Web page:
The Death penalty is part of capital punishment administered by a state upon an individual who has committed certain crimes deemed serious by the state in question. It requires the life of the person in question be put to an end. Means of capital punishment include but not limited to; hanging, crucifixion, electrocution, stoning etc. Van Den Haag gives five reasons justifying the constitutionality of the death penalty by concluding that the constitution allows for death penalty which is not the case (van den hag 128).The constitution states that “if life was to be taken away as form of punishment, then it must be in accordance with the due process of the law”, this proposition is conditional and accords the government a choice to either abolish it or effect it in light of the due process of the law. For this reason I wish to put forth arguments that would lead to the abolition of death penalty.
Van den hag argues that the death penalty acts as deterrence for future murders. Death being the most severe form of punishment is most feared and a murder would think before carrying out his intention. Previous studies have shown that quiet a number of murders were deterred since the introduction of death sentence. However, the death sentence takes quiet a long time before it is administered and the use of alternative equally feared forms of punishments could be used instead as a form of deterrence. Deterrence has its limitations as someone already imprisoned and sentenced for death would not be afraid to kill their inmates as well as the prison guards. Death sentence can only be effective in deterring murders if it is carried out fast enough which is usually not the case.
Retributive justice comes into play when an imbalance occurs in society due to a loss of life from the hands of a criminal. That balance must be restored by taking away the murderers life.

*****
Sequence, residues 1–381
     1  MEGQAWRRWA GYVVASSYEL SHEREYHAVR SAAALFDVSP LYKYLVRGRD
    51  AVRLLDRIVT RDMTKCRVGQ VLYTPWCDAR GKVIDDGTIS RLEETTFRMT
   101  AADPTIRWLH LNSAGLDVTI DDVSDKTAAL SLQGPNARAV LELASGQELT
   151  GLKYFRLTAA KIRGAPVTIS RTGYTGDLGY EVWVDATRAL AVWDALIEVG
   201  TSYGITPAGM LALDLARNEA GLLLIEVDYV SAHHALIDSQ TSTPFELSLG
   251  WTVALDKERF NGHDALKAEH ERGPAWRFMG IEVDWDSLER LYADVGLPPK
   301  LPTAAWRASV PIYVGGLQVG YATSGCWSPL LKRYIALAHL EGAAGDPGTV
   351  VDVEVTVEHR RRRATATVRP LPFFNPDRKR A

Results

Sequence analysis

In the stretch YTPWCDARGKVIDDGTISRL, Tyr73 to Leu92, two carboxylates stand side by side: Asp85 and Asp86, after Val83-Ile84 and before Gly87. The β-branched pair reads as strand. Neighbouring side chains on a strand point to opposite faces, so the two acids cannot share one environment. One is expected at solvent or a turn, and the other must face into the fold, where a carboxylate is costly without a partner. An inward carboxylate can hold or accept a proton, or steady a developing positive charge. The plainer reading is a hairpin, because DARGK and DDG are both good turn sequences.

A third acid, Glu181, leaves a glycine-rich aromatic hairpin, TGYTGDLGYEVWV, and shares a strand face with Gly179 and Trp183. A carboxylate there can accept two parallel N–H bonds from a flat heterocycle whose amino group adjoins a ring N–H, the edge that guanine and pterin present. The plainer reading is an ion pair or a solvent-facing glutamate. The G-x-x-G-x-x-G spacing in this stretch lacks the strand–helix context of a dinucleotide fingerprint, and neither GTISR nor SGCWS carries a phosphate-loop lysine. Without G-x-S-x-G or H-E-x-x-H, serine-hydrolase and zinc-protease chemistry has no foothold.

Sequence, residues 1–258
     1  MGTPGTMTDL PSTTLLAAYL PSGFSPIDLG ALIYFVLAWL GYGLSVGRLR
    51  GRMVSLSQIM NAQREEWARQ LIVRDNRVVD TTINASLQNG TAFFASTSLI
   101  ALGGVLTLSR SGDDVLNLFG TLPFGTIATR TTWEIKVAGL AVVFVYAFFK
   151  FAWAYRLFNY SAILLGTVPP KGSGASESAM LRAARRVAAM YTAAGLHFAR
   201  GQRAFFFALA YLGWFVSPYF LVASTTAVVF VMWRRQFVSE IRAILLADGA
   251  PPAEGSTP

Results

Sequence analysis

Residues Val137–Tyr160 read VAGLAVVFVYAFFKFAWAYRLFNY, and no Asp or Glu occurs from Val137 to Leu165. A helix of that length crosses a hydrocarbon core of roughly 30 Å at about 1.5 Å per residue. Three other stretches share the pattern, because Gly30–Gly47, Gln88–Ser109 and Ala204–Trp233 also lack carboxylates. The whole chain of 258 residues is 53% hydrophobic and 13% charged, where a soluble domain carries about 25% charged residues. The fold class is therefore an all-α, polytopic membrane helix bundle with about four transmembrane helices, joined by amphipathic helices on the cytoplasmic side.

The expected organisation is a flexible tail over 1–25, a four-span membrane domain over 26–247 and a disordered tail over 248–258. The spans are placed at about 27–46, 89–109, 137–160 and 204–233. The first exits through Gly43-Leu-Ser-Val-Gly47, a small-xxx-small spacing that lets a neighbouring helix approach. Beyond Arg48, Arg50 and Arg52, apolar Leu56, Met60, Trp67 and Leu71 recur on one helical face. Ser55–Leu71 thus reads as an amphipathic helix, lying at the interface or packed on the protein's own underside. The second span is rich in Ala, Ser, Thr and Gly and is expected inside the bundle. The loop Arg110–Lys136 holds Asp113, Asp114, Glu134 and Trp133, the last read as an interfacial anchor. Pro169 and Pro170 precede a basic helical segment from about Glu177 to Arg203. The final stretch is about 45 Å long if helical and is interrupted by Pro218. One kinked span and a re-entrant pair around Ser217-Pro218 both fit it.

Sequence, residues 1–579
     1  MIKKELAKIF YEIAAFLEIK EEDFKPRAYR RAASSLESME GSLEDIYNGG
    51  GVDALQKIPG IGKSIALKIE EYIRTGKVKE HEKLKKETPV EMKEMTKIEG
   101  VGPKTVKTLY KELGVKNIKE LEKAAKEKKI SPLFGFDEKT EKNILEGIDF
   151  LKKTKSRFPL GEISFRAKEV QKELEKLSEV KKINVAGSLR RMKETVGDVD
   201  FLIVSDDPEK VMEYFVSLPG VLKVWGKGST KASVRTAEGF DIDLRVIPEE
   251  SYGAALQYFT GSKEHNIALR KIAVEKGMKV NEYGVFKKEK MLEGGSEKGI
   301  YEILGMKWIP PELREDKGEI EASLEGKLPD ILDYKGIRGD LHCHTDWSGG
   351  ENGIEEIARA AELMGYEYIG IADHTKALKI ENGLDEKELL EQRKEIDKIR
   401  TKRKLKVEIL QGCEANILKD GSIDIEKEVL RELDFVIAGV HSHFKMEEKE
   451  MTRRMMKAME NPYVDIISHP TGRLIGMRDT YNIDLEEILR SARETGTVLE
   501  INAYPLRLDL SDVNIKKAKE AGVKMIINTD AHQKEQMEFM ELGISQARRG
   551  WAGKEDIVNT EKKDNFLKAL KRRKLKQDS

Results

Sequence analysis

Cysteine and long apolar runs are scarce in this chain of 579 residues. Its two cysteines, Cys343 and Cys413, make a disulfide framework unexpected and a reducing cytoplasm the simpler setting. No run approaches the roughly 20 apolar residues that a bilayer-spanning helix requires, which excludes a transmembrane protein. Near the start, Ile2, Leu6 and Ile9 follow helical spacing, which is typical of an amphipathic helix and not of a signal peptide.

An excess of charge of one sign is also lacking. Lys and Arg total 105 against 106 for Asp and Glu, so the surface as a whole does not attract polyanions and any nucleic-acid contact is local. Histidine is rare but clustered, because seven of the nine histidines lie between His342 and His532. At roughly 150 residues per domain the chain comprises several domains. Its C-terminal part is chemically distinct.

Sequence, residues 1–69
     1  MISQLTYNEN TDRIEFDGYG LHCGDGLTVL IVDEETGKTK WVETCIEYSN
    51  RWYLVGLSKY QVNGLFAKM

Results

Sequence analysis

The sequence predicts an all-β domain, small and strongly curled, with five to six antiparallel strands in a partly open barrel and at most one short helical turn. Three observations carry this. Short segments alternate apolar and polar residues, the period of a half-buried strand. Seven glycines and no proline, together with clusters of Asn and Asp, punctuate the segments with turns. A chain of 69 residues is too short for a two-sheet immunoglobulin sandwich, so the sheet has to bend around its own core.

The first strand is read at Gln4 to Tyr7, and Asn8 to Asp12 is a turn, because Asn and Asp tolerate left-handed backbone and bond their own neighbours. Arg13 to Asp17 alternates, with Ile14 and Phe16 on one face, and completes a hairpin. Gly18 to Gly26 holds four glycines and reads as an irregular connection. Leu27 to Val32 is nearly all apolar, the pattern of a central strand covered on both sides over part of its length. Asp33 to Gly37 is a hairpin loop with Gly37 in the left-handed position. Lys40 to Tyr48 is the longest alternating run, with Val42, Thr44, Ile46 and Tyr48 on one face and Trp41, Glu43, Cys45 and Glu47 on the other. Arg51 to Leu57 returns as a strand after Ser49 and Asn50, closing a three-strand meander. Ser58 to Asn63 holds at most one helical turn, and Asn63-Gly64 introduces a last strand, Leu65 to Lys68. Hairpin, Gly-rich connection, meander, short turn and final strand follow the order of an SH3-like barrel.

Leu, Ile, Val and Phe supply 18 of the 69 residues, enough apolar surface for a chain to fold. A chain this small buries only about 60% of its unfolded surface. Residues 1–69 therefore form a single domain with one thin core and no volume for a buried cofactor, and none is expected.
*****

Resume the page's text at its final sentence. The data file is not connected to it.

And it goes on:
In rebuttal to deterrence, the death sentence has not been proven to deter future murders. The difference between life imprisonment and death sentence is negligible. Death sentence can have the effect of brutalizing the society, which then makes it a less effective tool for deterring murder as this increases the possibility of more murder (Anckar, 2004, 189).
Most murders are committed by people in altered states of mind. It might be that a person acted in moments of immense emotional imbalance due to anger or substance abuse. Also, the person committing murder does not expect to be found out. It would be suffice to say that the death sentence cannot deter such persons or drug abusing criminals from committing murder as they are not in a position to evaluate the possibility of life imprisonment or the death penalty itself.
The death penalty has not been proven to deter more murders than life imprisonment, as most prisoners serving life imprisonment are involved in routine works and like any other prisoner, they are unlikely to commit any crime. People’s security can be guaranteed by offering life sentence without parole without having to use the death penalty (Bae,2007, 235).
Long-term imprisonment being a severe punishment can deter any rational human being from committing murder; however this is not possible as most premeditated murders involve a criminal who is planning on not getting caught or people who murdered out of sheer emotion..
Police in states with the death penalty are not safe compared to police officers in abolitionist states. Also, prison personnel and prisoners are not safe in states with the death penalty than those without. (Wolftson, 1982, 167)